Cervical cancer usually has no symptoms in its early stages. However, in the advanced stages, symptoms may include:

  • Vaginal bleeding after sexual activity, between menstrual periods, or after menopause. 
  • Watery, bloody, heavy, and foul-smelling leucorrhoea.
  • Pelvic pain or discomfort during intercourse.

If you experience any of the above symptoms, see a doctor right away!

Preventing cervical cancer

Cervical cancer is highly preventable. In addition to screening, HPV vaccination is required to protect children from an early age. This vaccine is safe for children as young as nine years old. The government has also provided free HPV vaccines to girls in grades 5 and 6.

The HPV vaccine must be administered before a person becomes sexually active, or before they are exposed to HPV. Because this vaccine contains no live biological products or viral DNA, it is not contagious. In some ways, this vaccine can function effectively despite the absence of antibiotics or preservatives.

The bivalent HPV vaccine contains VLP, a virus-like protein that can fight high-risk HPV types 16 and 18. The nonavalent type vaccine contains VLP against types 31, 33, 45, 52, and 58. The quadrivalent and nonavalent vaccines contain VLP, which protects against genital warts, a disease caused by HPV types 6 and 11.

Children aged 11 to 12 years must receive two doses of the HPV vaccine. The second dose of the vaccine is administered 6 to 12 months after the first dose. If the vaccine is started at or after the age of 15, the child will need three doses spread out over six months.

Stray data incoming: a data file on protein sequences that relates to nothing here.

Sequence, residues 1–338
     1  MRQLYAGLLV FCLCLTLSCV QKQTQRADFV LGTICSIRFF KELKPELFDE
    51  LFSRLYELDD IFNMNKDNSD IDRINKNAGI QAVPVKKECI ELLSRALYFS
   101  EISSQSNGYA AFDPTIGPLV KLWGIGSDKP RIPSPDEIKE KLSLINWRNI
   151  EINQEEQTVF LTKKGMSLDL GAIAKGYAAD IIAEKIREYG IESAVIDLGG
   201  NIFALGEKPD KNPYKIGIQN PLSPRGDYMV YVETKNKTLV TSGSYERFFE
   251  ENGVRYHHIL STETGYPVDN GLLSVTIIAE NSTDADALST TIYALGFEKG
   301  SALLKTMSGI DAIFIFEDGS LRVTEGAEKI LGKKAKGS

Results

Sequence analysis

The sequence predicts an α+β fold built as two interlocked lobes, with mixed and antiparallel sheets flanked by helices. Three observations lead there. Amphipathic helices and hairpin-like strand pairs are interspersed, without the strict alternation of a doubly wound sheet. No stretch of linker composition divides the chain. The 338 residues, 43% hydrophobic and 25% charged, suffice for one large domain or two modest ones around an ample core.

HPV vaccination must be completed before the age of 26. Vaccination is not recommended for people aged 27 to 45, or for those who are sexually active, because vaccines for this age group are less effective. We strongly advise further medical consultation because preventive measures against new HPV infections are still required.

Get the HPV vaccine package at our clinic.

HPV vaccination, like immunizations or other treatments, can cause side effects. Among these are:

  • Injection site pain, redness, or swelling.
  • Feeling dizzy or fainting. Adults are more prone to post-vaccination fainting, including HPV vaccination.
  • Nausea or sickness.
  • Headache.

If you are a woman aged 21–65 and sexually active, we recommend having a Pap smear once a year. If an infection is detected, consult a doctor immediately. Someone who has an HPV infection along with HIV will experience the development of a relatively faster and more difficult-to-control HPV infection. Be careful!

Cervical cancer is entirely avoidable. Complete the HPV vaccination as soon as possible. Maintain the cleanliness of your genitals. Then, always prioritize safe and trustworthy sexual relationships.

ReferenceCDC. Accessed in 2023. Basic Information About Cervical Cancer. CDC. Accessed in 2023. HPV Vaccines. Mayo Clinic. Accessed in 2023. Cervical Cancer – Symptoms and Causes. WHO. Accessed in 2023. Cervical Cancer. WHO. Accessed in 2023. Human Papillomavirus Vaccines: WHO …